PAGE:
I read this quote the other day and it is so true. An author sits at his desk with a pen and paper or computer and begins to plot out a story. Maybe it began from a single image, event or person the author met that day. She puts a little thought into the story and decides whether it can be a short five hundred word story, a fifteen thousand word short story, a twenty-five thousand to forty-five thousand word novella or a full blown novel.
Then the novelist pecks away at the story a little everyday, finishing a chapter after a few days or a couple of weeks finishing a scene. Maybe as the story progresses the author sees the need for some research about history, clothing, time period tools, deep space concepts, math or people and customs and stops their writing for two, three or more months to immerse themselves in details important to the story. Then back to writing the story.
Interruptions will occur in the author's life including children issues, parent issues, relationship issues and job issues. Maybe the author stops writing for a month, a few months or years. Writing a novel isn't a fast path for most authors. Life gets in the way. An author that pumps out five hundred words a day, persistently, day by day will require two hundred days to finish a one hundred thousand words novel. Some novelists will write more words per day. Some will write less words per day and then some will be so inconsistent in their writing it will take years to reach that point.
Assuming the wordsmith is perfect then they could go right to publication. But no that isn't how it works. As writers we make mistakes and so we spend days or more likely weeks, poring over the manuscript looking for bad grammar and scenes where the protagonist walked in with a yellow dress and wore jeans and a tee shirt when the scene ended. We think we catch everything, the script flows from chapter to chapter and then we give it to our beta readers or trusted editors.
Boom, before you know it there are fifteen major problems with your story that you never noticed. A character just disappears or worse died in chapter twenty-eight only to be the person who saves the heroine in chapter sixty-two. You find out you're a horrible proofreader of your own work despite identifying every flawed sentence in all the books you've read since eighth grade. You read through the beta-reader's notes and try to stop crying. To make the changes they suggest will require weeks or maybe another year to finish and you promised your mother, father, lover, publisher or mentor that it was going to production in a month.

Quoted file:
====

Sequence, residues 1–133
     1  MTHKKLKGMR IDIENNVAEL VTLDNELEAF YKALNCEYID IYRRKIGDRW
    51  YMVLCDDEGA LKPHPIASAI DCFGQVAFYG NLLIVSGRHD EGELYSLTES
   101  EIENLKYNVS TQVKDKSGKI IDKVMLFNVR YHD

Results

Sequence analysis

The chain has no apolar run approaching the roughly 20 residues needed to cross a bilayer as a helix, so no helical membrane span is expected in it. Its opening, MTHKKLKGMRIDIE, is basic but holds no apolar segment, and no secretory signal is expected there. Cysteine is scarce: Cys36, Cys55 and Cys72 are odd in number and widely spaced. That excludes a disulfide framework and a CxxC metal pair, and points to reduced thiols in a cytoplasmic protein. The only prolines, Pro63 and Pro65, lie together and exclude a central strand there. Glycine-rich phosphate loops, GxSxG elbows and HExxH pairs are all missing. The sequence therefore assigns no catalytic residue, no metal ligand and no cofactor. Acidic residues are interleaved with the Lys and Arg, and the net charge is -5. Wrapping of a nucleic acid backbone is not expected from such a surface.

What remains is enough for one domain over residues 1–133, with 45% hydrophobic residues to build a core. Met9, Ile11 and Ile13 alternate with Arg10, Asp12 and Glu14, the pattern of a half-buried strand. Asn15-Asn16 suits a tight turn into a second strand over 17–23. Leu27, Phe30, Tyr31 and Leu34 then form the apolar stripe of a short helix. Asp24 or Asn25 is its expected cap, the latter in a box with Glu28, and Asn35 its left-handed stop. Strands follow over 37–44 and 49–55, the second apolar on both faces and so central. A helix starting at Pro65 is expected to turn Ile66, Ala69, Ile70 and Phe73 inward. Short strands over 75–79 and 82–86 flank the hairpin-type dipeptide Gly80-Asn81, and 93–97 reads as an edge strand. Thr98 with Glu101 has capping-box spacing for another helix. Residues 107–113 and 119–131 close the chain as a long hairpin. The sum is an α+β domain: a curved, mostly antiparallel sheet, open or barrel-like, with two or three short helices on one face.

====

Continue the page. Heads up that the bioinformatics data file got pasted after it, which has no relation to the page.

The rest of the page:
It might take a day, week or month but eventually the novelist begins the heartbreaking journey through the manuscript, wiping out entire chapters, killing characters that took up space but didn't add to the story and strenghtening the protagonist's character arc. Finished? Maybe, but more likely it needs another round of beta readers or it is time for the hard edit by a professional.
Three years later, the author, assuming they haven't given up, has a finished manuscript to be self-published or the publisher has approved it to be printed. Three years is a good timeframe for a first time author. It might be longer and this is only their first book. All that time and unless they are an exceptional writer, exceptional marketer or an expert in their field, the book sales will be modest at best. If they spent an hour a day for three years they will have put in over one thousand hours of work to create this book.
Self-published authors making money have more than one book in the marketplace. They have five books, fifteen books or thirty books. When will you be rewarded for your writing? If you did a regular job, the first week you barely have your computer set up, but at the end of the week you receive a paycheck. As a writer, a publisher may give you an advanced based on a book summary, but they probably want to see a manuscript if you're a first time author. A manuscript that took you over a thousand hours to write. But if you're a self-published author multiply that time by three or five before the money rolls in.
You put in the hours, but the rewards will occur on the backend of the process. Is it worth it? Do you enjoy writing? I love to write. I'm happiest when I'm sitting at my desk writing and living a story that I'm creating word by word. I started two books earlier in my career. Book one I wrote over forty-five thousand words and then stopped. I got busy with other things in my life and completely abandoned the manuscript. Book number two I started a few years later, but reached twenty thousand words before being interrupted and never returned to it.
Then I started book number three, Eclipse of the Triple Moons, by researching a new planet, Aloheno, that I created. I studied cultures currently living on earth and went back to what life was like in the eighteen hundreds, fourteen hundreds and such. I studied the movements of our moon and other known moons in the solar system. What's a three moon planet like? All that research took six months where I put thousands of words into a document, but no actual writing of the story took place. I started writing, gave it to my beta readers, removed four characters from the story, re-wrote ten chapters and removed as many or more, proofed it, created a cover, learned about self-publishing and pushed the manuscript to Smashwords, Amazon and Ingram Spark. Three years it took, I wrote one-hundred and ten thousand words which were edited down to ninety-three thousand words. I told my family it would take six months, but it took three years. How much have I earned? Ha, let's not talk about that. But I've started book two, Zita's Revenge, and have outlined a third book which will be a pre-quel to Eclipse.
I'm writing, having fun and who knows, maybe someday, a little money will flow my way.
Eclipse of the Triple Moons is Book 1 in the Mountain King Series.